It's Not Hanes until I Say

Remember some years ago, when Hanes underwear had an ad campaign with an older woman doing final Q.C. inspection?  She sternly proclaimed, "It's not Hanes until I say it says Hanes!"  Very definitive, quite final.

Fast-forward a few light-years to today's incredibly complicated, bombastic political environment.  Every day, some new, earth-shattering "revelation" comes to light about some supposed ethical or legal transgressions committed by President Trump, Robert Mueller and his investigation, James Comey, the FBI, the DOJ, James Clapper, John Brennan, Hillary Clinton, Andrew McCabe, Peter Strzok, Lisa Page, and a host of others.

Breathless, agenda-driven cable news pundits, consumed with animus and loathing for the opposition, proclaim that the latest outburst by the perpetrator du jour will result in a constitutional crisis, will shake the legitimacy of the institution down to its very foundations, has created a crisis bigger than Watergate, will undermine the public's confidence in that function so grievously that it won't recover for at least a generation, and will destroy the world's confidence in the credibility of our government, undermining our foreign policy efforts, damaging our national security, and vexing the world's financial markets for years to come.

That's what the cable pundits would have you believe.  But it's not quite true.

It's not a question of the legal, factual implication of any specific action.  The actual legality or importance of an activity can generally be viewed only in the context of whether it matters to people and whether there is any tangible damage to an aggrieved party.  Some of these actions meet that standard, and others do not.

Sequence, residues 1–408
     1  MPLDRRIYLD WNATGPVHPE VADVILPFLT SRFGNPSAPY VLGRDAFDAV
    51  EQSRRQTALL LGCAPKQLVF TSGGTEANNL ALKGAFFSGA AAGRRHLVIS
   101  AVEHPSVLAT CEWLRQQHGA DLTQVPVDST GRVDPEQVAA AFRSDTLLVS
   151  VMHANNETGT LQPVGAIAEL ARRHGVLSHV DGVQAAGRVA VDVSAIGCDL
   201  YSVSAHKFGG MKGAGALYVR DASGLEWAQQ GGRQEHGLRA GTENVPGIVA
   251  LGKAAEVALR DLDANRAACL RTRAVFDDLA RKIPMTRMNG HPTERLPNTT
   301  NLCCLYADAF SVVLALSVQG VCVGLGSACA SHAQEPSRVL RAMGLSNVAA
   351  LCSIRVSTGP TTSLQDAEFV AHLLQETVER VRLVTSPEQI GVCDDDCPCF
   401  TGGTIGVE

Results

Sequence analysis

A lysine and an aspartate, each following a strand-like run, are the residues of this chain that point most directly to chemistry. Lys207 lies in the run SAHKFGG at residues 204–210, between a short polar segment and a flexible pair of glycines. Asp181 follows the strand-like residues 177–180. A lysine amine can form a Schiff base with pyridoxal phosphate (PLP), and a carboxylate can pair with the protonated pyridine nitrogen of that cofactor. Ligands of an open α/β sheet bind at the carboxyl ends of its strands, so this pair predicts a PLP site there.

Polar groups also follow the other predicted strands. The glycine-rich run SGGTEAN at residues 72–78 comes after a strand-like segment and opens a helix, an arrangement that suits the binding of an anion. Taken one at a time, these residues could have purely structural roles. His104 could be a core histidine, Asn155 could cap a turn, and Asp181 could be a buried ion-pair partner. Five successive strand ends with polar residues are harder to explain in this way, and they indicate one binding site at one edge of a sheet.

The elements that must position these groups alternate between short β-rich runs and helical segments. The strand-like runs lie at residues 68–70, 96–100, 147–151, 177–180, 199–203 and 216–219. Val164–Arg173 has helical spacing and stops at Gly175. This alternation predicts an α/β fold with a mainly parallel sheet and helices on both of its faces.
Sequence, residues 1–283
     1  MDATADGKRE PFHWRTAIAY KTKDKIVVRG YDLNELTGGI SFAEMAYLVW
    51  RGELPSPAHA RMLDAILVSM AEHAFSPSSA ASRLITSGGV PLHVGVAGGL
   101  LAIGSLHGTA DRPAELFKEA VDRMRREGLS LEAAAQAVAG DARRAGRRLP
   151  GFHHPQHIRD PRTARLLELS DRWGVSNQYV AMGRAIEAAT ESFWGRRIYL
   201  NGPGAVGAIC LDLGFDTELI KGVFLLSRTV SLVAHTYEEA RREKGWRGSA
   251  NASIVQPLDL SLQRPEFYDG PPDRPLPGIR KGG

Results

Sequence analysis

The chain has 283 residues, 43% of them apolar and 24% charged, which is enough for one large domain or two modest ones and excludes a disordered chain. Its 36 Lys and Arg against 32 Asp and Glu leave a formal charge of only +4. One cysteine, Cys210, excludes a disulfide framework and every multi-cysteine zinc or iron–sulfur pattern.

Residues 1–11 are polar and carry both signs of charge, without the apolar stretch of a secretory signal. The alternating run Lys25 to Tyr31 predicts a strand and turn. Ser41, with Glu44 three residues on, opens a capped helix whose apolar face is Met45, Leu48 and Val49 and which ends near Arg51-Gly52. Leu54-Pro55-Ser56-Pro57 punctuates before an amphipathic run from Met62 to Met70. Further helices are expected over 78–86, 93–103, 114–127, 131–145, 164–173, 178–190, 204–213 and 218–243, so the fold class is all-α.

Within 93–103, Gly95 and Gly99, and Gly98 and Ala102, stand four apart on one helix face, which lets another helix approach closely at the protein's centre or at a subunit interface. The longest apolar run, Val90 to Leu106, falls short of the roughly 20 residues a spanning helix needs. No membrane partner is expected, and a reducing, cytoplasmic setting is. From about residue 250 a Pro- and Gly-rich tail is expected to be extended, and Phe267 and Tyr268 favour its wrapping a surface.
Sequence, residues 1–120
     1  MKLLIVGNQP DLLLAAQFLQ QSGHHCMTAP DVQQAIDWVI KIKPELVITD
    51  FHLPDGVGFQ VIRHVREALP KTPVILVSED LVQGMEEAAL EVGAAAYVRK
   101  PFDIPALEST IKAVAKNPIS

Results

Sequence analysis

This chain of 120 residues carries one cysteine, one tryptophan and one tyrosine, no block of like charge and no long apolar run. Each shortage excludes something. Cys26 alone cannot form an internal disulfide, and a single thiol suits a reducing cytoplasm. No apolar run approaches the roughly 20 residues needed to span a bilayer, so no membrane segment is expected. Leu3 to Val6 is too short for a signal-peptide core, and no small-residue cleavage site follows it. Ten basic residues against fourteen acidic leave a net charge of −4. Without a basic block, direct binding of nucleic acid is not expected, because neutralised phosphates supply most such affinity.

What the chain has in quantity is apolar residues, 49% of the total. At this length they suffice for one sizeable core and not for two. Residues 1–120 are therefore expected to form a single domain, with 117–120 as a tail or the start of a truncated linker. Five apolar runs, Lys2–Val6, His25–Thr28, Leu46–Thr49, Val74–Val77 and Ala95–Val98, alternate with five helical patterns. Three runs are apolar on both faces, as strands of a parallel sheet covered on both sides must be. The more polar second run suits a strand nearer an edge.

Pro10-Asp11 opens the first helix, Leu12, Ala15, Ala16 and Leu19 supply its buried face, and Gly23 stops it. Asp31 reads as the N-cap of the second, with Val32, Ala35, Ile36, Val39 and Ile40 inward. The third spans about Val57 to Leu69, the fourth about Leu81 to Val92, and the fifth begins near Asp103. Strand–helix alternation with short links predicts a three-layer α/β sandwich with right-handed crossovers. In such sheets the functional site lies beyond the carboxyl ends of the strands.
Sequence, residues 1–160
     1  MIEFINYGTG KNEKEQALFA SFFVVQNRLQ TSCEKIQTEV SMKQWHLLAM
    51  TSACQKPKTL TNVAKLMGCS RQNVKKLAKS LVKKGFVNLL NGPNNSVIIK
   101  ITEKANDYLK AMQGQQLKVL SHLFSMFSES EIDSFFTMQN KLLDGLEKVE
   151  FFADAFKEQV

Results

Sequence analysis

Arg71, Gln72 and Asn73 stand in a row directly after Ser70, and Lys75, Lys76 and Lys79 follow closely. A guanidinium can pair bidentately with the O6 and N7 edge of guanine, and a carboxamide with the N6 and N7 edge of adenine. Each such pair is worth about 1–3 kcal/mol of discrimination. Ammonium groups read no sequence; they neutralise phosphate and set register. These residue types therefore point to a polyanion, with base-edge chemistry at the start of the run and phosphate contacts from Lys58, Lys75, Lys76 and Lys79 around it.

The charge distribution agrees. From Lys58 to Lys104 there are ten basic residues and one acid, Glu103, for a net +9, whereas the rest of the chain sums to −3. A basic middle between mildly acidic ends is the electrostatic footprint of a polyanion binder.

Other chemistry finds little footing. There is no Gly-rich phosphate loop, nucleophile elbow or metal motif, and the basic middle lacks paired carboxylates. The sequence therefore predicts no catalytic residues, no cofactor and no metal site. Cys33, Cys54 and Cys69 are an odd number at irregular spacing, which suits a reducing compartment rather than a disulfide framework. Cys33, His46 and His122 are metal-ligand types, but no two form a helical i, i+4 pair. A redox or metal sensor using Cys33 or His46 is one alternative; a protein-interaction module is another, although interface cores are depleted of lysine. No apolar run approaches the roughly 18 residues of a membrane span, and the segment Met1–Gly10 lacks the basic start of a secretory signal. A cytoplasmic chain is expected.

Let's say a car is left running in a convenience store parking lot while the driver runs in to make a quick purchase.  If a person steals that car, that's a crime.  Black and white.  But then later it comes to light that the person took the car in order to drive a family member to the hospital in an emergency situation, and there was no alternative transportation available in the necessary timeframe.  The car is returned undamaged, and the car's owner decides not to press charges.  Then it's not a crime, and it's as if it never happened.  Some things can be forgiven, and some things can't.  The gray area is vast, inconsistent, and largely undefined, dependent mostly on non-recurring circumstances, especially in the political arena.